Maxwell, Lesli A. (2007). Digital Age Adds New Dimension to Incidents of Staff-Student Sex, Education Week. This article reports on how the current must-have tools of adolescent social networks–cell phone text messaging, Web sites such as MySpace and Facebook, and e-mail–are being used by teachers and other school employees who prey on students to foster inappropriate relationships and perpetrate abuse. When the sexual abuse of students by educators involves digital technology, the harm can be heightened in ways that make an already damaging betrayal of trust even more devastating. Abusers can use the Internet, e-mail, or text messaging, for example, to constantly pursue students, in and out of school. In some extreme cases, they may use the Web in a way that magnifies the abuse exponentially, as a 6th grade teacher in Vermont did recently when he was charged with using his students as models for his homemade child pornography. At the same time, the electronic trail left by such communications can present evidence for authorities investigating allegations of educator misconduct. For some officials, that trail has become an invaluable tool in rooting out bad actors even when they don't have a cooperating victim.   [More]  Descriptors: Teacher Student Relationship, Computer Mediated Communication, Trust (Psychology), Sexual Abuse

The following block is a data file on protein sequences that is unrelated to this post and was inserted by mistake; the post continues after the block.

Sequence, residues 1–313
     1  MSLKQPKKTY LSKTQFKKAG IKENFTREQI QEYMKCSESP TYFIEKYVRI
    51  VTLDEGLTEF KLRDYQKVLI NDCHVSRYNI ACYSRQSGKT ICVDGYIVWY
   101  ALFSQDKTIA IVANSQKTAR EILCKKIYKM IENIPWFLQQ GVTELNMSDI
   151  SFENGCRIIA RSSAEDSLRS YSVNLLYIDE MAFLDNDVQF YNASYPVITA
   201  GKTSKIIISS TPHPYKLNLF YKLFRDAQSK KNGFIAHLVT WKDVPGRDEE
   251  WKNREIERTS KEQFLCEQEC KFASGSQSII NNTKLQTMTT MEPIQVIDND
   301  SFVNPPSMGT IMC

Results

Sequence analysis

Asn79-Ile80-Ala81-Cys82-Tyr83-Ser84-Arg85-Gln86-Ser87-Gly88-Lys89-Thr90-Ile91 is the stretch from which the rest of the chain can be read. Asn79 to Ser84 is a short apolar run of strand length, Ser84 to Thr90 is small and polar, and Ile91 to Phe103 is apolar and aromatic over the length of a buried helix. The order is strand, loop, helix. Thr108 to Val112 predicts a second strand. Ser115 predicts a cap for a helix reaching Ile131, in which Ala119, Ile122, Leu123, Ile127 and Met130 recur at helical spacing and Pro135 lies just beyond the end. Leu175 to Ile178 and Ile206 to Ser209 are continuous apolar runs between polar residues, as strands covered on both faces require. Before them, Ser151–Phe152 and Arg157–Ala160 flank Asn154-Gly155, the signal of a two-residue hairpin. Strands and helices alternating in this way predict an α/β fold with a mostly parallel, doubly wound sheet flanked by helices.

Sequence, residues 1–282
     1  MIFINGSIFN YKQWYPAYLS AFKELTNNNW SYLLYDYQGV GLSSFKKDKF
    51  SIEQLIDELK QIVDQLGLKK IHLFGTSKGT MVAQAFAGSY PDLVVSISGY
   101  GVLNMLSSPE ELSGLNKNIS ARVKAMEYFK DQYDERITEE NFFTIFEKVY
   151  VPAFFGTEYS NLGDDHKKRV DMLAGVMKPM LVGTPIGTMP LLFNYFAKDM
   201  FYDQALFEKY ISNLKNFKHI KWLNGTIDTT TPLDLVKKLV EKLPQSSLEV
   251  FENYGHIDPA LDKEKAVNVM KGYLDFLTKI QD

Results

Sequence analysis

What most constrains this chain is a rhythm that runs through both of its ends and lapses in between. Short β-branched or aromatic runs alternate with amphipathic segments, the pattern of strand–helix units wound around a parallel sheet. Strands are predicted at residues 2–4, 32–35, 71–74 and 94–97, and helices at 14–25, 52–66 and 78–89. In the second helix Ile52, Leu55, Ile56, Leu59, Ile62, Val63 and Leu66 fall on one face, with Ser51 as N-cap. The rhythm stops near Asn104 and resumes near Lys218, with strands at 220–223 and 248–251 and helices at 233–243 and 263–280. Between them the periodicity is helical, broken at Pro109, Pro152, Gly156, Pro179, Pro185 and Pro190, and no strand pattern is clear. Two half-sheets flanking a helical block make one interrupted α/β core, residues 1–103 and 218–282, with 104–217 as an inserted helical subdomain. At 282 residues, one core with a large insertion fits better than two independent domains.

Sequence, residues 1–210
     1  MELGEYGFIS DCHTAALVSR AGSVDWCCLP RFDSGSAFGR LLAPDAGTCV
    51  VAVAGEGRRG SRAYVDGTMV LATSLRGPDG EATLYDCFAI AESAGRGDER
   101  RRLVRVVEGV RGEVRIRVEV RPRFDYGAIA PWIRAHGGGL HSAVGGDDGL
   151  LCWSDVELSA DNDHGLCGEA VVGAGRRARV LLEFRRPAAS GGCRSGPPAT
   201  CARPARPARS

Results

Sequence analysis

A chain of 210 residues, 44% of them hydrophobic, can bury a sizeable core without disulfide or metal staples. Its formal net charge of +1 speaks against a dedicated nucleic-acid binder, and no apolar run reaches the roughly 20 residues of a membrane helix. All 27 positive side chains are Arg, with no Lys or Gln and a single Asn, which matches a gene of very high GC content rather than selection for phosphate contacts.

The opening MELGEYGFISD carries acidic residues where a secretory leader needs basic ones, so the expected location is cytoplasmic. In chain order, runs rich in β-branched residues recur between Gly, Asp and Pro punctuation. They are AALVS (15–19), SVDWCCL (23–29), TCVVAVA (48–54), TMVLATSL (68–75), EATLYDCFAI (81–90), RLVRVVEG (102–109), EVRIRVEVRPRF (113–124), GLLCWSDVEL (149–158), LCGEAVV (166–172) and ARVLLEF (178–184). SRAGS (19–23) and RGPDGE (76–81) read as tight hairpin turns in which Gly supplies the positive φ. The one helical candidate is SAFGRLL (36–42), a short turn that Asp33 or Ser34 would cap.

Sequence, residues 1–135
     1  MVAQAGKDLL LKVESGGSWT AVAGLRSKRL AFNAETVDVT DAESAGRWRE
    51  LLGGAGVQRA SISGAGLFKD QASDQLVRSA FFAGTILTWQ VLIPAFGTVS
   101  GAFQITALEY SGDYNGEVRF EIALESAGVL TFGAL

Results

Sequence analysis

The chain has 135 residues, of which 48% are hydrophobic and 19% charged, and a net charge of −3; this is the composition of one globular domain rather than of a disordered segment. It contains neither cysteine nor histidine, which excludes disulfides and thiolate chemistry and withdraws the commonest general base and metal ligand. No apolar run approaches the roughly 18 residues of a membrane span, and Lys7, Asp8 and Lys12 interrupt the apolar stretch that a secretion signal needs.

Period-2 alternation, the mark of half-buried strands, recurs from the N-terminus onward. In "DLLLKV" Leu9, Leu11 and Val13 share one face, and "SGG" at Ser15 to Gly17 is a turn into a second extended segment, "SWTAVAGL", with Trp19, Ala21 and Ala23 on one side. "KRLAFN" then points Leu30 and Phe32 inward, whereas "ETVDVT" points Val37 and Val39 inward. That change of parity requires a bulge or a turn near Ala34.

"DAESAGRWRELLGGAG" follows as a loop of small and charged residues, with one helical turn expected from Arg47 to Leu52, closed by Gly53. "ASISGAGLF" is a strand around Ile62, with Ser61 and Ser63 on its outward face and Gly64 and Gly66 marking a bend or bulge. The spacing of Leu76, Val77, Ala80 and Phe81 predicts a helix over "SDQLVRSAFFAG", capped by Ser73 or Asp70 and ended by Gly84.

Irina, Averianova (2012). A Cell Phone in the Classroom: A Friend or a Foe?, European Association for Computer-Assisted Language Learning (EUROCALL). Communication is getting increasingly mobile, with more than a third of the world's population using cellular phones. Recent statistics indicate that this proportion is much bigger among young people. Research has also registered significant predominance of short message exchange over other modes of interaction in youth culture, where e-mail is perceived as a tool for "old people," while voice calls are reserved for communication with parents and other adults. Adapting to the changing world of mobile technology, many public institutions have welcomed the use of mobile phones for messaging, which is less disturbing than phone calls. However, schools, which are the principal abode of young people, are still struggling with this most common way of communication of their clients. While a growing number of schools across the world have worked cellular phones and text messaging into their curriculum, most of academia still bans phones from the classroom, if not the school campuses altogether. The factors, which account for persistent resistance to the phone presence in the academic context, are of two kinds: linguistic and pedagogic. From the linguistic point of view, SMS shorthand writing, or texting, is a unique language phenomenon, which shares many linguistic features with other types of digital communication, such as email, chat, instant messaging, forums, interaction via Twitter, Facebook, blogs and so on. The common features of electronic discourse include extremely diverse and developed abbreviation, use of emoticons, contracted syntax and frequent negligence of spelling, capitalization and punctuation rules. In this way, texters achieve extremely compressed writing, adapted to the financial and technological requirements of the medium. While some researchers and practitioners consider mastering of the medium a part of digital literacy required for the citizens of the new millennium, others perceive nonstandard orthography and grammar perpetuated in texting as a threat to traditional literacy. The concern of the opponents of texting is supported by sufficient evidence that texting is progressively penetrating into the academic production of students, which testifies to the lack of code-switching skills and the growing preference towards nonstandard language. From the pedagogic point of view, the attitude towards cell phones and texting is similarly ambiguous. On the one hand, research shows that with cell phones, youngsters are exposed to more reading and writing than ever before. Inclusion of texting in teaching practice increases motivation and makes learning more relevant to the needs and likes of students. Also, the evidence that non-native speakers increasingly borrow textisms testifies to a higher appropriation of the target language. On the other hand, many teachers view texting as disruptive for classroom atmosphere, as it leads to multitasking and certain inappropriate activities. Finally, spillover of texting into other modes of interaction may negatively affect communication and its participants. This presentation will look into the main issues of the evolving discussion around cell phones and texting in the academic context and analyze the most recent research on and practice of using mobile technology in the field of teaching foreign languages.   [More]  Descriptors: Telecommunications, Handheld Devices, Educational Technology, Second Language Instruction